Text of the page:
Active & Experiential Learning. Active learning models place emphasis on active student engagement and skill development rather than the instructor simply transmitting information to students (Bonwell & Eison, 1991). The effectiveness of active versus passive learning has been researched and validated extensively since the early 1980s. Chickering and Gamson (1987) identify active learning as one of seven best practices in undergraduate education, emphasizing that learning is not a “spectator sport” but a process that goes beyond passive classroom listening (p. 4). Instead, students engage in structured, student-centered activities such as reading, writing, discussing, and problem solving, all designed to challenge students to apply higher-order thinking skills for course content analysis and evaluation (Chickering & Gamson, 1987) and develop skills for the twenty-first-century workplace (National Association of Colleges and Employers, 2008).
Chickering and Gamson (1987) emphasized that active learning is not limited to the classroom; structured learning experiences outside the classroom such as internships and practicums also provide students the opportunity to “make what they learn a part of themselves” (p. 4). Dewey (1897), perhaps the most well-known champion of experiential education, is often quoted from his pedagogic creed where he emphasized that progress in one’s education is a result of “new attitudes towards, and new interests in, experience” and “a continuing reconstruction of experience” (p. 79). He supported this premise with significant theoretical foundations in his work, Experience in Education (1938). As Dewey (1938) explains, experiential learning enhances the active learning process by moving beyond the classroom and into the realm of first-hand experience that is transformed into knowledge through intentional, reflective thought.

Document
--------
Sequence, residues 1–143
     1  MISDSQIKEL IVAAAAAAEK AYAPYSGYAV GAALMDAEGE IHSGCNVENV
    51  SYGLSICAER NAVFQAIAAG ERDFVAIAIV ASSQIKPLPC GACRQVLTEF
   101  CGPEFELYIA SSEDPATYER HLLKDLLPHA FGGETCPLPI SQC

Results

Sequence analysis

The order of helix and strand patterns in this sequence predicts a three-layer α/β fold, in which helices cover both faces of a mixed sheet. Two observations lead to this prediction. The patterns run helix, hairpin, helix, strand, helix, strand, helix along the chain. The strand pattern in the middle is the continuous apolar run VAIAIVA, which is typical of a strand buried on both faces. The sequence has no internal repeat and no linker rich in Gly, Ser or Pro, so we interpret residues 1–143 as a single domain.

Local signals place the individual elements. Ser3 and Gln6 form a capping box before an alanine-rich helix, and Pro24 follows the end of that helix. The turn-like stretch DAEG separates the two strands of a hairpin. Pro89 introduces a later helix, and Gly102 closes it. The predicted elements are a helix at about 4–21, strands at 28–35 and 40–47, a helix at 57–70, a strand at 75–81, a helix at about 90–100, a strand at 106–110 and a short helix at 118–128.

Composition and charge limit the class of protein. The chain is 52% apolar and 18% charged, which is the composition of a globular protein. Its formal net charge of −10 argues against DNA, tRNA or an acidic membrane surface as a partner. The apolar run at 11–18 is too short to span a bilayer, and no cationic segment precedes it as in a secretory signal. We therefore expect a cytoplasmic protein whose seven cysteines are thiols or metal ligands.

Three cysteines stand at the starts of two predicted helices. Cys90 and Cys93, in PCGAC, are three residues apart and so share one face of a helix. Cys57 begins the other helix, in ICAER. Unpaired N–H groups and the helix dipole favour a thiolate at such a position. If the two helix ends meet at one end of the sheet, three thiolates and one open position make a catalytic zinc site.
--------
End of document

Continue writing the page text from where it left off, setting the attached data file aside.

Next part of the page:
Drawing on Dewey’s (1938) work and that of other notable twentieth-century human learning and development scholars “who gave experience a central role in their theories,” Kolb (1984) produced an holistic model of experiential learning (Kolb & Kolb, 2005, p. 194) (refer to Figure 1). Kolb’s (1984) Experiential Learning Model provides a cyclical framework that supports the premise that students learn best from active learning that provides concrete experience and is followed by reflective activities from which they construct knowledge. The four stages of Kolb’s (1984) experiential learning model are as follows: concrete experience (doing), reflective observation (observing), abstract conceptualization (thinking), active experimentation (planning).
Figure 1. Kolb’s (1984) Experiential Learning Model (ELM)